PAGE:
Last week, Amazon released the Elastic File System (EFS) in the US East (Northern Virginia), US West (Oregon), and Europe (Ireland) regions. EFS provides a scalable, POSIX-compliant filesystem for Amazon EC2 instances without having to run a file server. This means you can grow your storage as your usage increases instead of having to pre-provision disks. Instances mount EFS just as they would any traditional NFS volume.
Of course, we know that, you, our customers will want to start testing workloads against EFS, so we’ve added support for it in the next CycleCloud release. Once the EFS is created through the AWS console, cluster instances can mount it with the configuration you’re already used to. For example, the configuration below will mount EFS
fs-f00cf6b8 to /mnt/efs_test: [[[configuration cyclecloud.mounts.efs_test]]] type = efs filesystem_id = fs-f00cf6b8
So what does EFS look like in the real world? We took an I/O-intensive genomics workload and ran it on a 16-instance cluster using four different configurations:
- c3.4xlarge filer using ephemeral storage
- c3.4xlarge filer using a 500 GB GP2 (solid state drive) volume
- c4.4xlarge filer using a 500 GB GP2 volume
- EFS (Basic)
Each job runs without competition on a c4.4xlarge instance and pulls 25 GB of reference genome data into memory. The code performs genomic alignment in batches and at the end writes approximately 1 GB of data (per job) back to the filer. The table below shows the average runtimes for the different filer configurations with as many as 16 of such tasks simultaneously using the shared filer:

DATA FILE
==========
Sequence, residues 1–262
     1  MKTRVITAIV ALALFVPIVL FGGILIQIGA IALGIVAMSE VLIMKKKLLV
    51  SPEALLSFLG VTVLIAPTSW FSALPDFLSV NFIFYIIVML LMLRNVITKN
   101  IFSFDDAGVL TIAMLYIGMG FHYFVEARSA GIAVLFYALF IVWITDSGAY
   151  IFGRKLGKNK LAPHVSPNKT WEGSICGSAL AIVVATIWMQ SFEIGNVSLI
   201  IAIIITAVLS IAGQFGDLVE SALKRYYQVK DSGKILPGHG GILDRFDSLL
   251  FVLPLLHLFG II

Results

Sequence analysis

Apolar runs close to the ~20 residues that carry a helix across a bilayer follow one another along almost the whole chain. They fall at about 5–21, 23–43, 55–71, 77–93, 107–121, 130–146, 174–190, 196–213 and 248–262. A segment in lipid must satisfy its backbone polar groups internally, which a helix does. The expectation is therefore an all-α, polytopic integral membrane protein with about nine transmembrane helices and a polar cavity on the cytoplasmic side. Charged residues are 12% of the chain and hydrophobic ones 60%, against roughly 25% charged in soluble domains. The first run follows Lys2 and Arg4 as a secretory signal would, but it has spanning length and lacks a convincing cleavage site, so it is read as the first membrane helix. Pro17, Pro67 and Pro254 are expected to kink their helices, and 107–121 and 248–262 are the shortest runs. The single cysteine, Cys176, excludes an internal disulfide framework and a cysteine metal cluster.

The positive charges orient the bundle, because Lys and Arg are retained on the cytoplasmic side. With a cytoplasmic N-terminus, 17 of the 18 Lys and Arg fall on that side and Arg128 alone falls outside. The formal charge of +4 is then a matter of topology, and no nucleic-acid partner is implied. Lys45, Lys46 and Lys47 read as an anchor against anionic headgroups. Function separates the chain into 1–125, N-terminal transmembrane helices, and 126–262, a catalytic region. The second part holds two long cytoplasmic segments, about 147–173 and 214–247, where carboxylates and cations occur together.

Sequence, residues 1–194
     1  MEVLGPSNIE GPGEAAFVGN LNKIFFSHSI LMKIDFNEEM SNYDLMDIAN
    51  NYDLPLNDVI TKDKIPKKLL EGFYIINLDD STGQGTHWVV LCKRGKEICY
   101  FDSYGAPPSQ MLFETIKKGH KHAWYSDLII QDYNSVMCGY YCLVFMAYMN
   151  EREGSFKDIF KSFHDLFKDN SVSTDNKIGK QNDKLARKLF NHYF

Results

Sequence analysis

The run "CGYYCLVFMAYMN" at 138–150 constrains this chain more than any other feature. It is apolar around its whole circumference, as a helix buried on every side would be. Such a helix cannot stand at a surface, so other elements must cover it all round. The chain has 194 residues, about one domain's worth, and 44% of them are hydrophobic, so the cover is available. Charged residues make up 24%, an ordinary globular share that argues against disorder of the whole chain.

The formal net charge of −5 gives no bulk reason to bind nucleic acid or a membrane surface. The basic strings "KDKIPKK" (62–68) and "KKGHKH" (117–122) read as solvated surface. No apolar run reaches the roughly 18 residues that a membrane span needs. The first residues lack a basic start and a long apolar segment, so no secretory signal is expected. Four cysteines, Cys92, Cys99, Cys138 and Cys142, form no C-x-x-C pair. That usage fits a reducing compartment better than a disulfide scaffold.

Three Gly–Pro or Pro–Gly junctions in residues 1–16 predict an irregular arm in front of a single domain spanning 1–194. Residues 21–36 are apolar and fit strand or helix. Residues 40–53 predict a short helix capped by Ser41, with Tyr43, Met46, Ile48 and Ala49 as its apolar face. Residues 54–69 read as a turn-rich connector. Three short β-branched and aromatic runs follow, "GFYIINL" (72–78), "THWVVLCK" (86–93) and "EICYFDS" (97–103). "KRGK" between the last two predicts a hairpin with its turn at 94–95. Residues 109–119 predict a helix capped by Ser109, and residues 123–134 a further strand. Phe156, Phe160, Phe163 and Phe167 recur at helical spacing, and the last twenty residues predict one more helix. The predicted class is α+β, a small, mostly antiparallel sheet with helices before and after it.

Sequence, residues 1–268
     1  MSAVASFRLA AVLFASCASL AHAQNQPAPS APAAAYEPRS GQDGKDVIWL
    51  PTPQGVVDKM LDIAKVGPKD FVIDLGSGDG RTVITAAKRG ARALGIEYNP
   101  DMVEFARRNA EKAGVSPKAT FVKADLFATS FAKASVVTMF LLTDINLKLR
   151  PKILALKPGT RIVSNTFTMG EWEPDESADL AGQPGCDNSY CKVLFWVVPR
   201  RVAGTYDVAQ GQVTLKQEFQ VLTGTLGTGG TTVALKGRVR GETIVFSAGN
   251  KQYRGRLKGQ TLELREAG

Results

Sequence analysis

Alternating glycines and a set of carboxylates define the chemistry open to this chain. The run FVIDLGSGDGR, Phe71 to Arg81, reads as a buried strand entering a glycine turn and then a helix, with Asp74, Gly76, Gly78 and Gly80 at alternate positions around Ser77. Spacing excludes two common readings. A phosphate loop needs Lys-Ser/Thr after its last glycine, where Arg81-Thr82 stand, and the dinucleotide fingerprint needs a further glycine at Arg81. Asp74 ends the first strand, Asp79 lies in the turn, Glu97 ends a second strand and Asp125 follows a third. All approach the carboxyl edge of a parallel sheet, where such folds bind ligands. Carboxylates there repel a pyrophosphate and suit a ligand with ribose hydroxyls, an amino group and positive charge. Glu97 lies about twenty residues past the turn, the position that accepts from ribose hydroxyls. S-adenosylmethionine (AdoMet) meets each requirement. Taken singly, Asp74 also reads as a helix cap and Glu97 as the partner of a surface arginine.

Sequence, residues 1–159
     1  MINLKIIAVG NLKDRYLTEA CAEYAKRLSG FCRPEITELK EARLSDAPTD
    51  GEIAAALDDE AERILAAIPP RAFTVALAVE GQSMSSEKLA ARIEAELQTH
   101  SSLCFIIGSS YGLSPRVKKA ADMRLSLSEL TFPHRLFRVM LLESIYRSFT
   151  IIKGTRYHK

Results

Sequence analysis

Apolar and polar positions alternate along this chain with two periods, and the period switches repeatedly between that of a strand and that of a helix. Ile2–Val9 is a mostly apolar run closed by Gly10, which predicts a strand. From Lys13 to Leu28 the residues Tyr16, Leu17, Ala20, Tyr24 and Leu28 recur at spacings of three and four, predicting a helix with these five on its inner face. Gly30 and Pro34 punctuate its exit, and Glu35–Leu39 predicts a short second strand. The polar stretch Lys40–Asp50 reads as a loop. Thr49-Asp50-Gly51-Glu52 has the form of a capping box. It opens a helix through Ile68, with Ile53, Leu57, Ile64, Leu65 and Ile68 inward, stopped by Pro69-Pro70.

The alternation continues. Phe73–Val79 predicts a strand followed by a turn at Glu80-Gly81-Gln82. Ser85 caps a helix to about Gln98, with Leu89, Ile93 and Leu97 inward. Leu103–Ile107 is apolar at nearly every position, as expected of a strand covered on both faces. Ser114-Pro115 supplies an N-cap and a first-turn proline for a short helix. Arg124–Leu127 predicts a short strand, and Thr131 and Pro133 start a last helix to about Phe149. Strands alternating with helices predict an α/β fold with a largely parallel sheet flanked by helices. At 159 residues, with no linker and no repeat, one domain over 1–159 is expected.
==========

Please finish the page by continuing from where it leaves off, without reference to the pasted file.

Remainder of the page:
|Filer||Simultaneous Tasks||Average runtime (seconds)|
Just based on the job runtime, EFS seems like the wrong choice for this workload. We did try EFS PIOPS, which offers higher performance at scale, but the small scale tests were substantially the same. Keep in mind that EFS bandwidth scales with size as well, file systems larger than 1TB can burst to 100 MB/s per TB of storage. Larger production uses would likely see better performance than in our benchmarks above, and it will scale better than a traditional NFS server at the thousand-plus clients range.
Of course, raw performance isn’t the only thing we all care about. Cost is often the most significant consideration. With EBS volumes, you pay for the amount of space provisioned, whether it is used or not. Thus, you’re paying for capacity you hope to never use, since filling the disk is generally something to avoid. With EFS, you pay for only the storage in use. And since no EC2 instance is required to serve as a filer, the overall cost is cheaper in most cases.
Another consideration is the reduced complexity of not having a separate filer instance. Changing the storage on a filer often means taking it offline, whereas EFS grows dynamically as you add data. In addition, you avoid the risk of the various things that can go wrong with a server: kernel panics, memory leaks, etc.
One thing is clear: cloud services mean you have a wide range of storage options to meet the specific needs of your application. With CycleCloud, it’s easy to benchmark different configurations and find what works best for you.